Since the NRC has authority to regulate the site specific details of uranium millings, it seems appropriate from the standpoint of efficiency and expertise that the NRC should also regulate the treatment and ultimate disposal of tailings which we permitted to be generated in the first place.

In view of the large volume of tailings which milling operations generate, it is important that NRC have clear authority to make arrangements and commitments for their disposal at the start of operation rather than leaving the problem for EPA to address after the tailings have been generated. The EPA would establish ambient environmental radiation standards for this new class of byproduct material under Atomic Energy Act authority transferred to EPA under Reorganization Plan No. 3 of 1970.

As I noted earlier, EPA has not exercised its authority over mill tailings under the RCRA. The proposed legislation would not affect EPA's authority under the RCRA other than as to the limited class of new byproduct materials. Therefore, EPA would continue to possess regulatory authority over other toxic or hazardous chemicals other than in tailings.

As to the regulation of nonradiological hazards associated with tailings, NRC has adequate authority under the Atomic Energy Act and NEPA to regulate source, special and byproduct material with respect to nonradiological but still hazardous characteristics.

In exercising the authority which H.R. 13382 would create, NRC will consult with all interested Federal and State agencies, including EPA, to assure that a consistent pattern of regulation over milltailings is achieved. The new authority would enable the Commission to continue its regulatory oversight after mill operations have ceased.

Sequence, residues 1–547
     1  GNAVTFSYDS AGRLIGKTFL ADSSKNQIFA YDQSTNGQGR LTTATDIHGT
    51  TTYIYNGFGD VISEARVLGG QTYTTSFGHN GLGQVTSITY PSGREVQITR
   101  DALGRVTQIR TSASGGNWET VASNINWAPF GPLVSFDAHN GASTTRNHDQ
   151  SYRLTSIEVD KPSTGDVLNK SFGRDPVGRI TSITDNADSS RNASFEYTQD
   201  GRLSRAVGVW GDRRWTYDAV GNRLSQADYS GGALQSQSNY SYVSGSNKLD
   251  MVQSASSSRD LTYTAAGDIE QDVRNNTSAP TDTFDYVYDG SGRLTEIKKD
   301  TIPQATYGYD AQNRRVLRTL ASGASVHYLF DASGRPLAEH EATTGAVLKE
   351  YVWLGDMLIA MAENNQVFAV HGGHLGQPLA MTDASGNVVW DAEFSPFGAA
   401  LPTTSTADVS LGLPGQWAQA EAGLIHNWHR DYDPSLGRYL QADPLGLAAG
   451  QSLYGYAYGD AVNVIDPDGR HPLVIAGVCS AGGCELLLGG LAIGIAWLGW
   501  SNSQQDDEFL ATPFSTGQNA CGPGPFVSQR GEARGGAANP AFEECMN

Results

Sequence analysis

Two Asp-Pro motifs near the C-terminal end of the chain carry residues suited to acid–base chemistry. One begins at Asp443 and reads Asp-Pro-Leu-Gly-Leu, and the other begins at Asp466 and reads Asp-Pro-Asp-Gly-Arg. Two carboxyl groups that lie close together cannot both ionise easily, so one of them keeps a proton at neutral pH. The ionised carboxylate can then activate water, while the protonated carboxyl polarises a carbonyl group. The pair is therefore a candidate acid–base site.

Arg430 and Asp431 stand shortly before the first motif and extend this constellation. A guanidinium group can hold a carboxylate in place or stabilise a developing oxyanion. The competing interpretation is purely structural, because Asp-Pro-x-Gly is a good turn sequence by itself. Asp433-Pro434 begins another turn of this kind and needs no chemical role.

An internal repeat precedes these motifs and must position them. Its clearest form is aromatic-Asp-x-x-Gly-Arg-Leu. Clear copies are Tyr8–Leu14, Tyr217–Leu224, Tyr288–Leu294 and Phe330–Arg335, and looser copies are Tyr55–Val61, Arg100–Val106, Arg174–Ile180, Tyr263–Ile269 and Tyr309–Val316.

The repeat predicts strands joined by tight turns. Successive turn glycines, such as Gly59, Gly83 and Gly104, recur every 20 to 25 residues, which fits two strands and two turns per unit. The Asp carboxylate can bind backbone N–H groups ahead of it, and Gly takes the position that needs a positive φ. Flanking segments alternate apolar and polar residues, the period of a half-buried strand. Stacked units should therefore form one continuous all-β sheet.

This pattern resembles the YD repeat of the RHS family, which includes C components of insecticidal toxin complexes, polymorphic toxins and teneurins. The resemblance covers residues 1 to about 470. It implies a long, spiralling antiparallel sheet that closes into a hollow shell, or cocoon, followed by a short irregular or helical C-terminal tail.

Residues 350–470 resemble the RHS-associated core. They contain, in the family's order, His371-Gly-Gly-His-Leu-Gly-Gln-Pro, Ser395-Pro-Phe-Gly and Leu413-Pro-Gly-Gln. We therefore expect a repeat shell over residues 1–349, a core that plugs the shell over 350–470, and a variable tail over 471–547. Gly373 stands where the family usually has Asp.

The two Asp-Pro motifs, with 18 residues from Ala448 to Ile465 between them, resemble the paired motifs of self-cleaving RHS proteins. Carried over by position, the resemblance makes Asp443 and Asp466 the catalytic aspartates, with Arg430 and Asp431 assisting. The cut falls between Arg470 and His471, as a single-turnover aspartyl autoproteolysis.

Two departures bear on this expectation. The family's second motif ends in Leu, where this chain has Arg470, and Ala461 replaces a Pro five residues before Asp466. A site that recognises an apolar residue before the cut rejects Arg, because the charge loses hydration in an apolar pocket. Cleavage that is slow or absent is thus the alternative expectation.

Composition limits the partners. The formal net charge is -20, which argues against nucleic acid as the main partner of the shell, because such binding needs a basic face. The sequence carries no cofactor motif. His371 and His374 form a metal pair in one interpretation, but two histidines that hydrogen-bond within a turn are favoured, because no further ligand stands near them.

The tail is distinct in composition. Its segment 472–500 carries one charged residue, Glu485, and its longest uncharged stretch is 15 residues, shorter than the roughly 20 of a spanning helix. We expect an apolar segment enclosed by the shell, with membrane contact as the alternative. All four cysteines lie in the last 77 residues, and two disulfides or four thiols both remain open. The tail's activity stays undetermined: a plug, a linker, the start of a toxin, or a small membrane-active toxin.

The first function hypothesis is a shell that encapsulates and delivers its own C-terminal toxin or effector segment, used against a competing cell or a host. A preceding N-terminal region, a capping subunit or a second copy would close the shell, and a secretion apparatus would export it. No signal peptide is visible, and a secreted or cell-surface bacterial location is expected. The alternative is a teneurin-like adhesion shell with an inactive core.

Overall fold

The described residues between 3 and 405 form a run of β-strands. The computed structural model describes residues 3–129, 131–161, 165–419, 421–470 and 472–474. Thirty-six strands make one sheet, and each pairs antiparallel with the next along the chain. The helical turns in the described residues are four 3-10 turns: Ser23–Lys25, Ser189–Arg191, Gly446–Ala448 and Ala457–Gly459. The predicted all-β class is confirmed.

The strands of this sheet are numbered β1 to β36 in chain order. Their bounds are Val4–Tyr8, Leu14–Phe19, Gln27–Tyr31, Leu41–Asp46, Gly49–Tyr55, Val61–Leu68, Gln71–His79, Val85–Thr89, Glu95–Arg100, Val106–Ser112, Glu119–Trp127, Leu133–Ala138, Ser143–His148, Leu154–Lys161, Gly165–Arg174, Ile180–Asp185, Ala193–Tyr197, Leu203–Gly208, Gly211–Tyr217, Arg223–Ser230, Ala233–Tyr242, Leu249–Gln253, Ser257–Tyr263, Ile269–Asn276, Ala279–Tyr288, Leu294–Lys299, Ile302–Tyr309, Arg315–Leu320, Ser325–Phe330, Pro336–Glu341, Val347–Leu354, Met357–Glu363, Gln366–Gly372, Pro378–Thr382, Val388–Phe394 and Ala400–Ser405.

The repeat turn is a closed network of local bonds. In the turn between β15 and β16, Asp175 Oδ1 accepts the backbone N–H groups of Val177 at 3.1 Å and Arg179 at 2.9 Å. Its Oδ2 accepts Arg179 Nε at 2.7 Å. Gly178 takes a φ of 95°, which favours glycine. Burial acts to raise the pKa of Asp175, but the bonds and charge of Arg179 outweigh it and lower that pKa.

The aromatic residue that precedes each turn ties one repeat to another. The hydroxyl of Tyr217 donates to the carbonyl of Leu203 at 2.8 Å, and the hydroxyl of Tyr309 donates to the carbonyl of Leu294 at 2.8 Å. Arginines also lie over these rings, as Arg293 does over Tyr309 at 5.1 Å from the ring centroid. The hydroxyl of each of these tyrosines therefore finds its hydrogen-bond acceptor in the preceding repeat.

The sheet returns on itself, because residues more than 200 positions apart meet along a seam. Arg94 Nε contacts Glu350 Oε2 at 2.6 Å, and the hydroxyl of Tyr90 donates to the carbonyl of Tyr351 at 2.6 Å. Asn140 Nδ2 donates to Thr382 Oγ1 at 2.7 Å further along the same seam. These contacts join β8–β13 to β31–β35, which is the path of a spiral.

This oversight is needed to insure that the long-term consequences of its prior licensing do not pose a threat to public health and safety. Because the radioactive materials of major concern will be licensable, the NRC, or an agreement State, would exercise continued oversight over the tailings disposal area whether under a specific license or not as part of its normal regulatory function.

At this point I would like to note some specific provisions of H.R. 13382 which should be remedied in drafting a revised and comprehensive milltailings control bill. The new definition of byproduct material contained in H.R. 13382 is linked to the Commission's definition of source material, now codified at 10 CFR 40.4(h). This definition excludes ores containing one-twentieth of 1 percent (0.05 percent) or less of uranium or thorium from the source material category.

The Commission is informed that there are a few mills currently using feedstock of less than 0.05-percent uranium. As high-grade ores become scarcer, there may be a greater incentive in the future to turn to such low grade materials.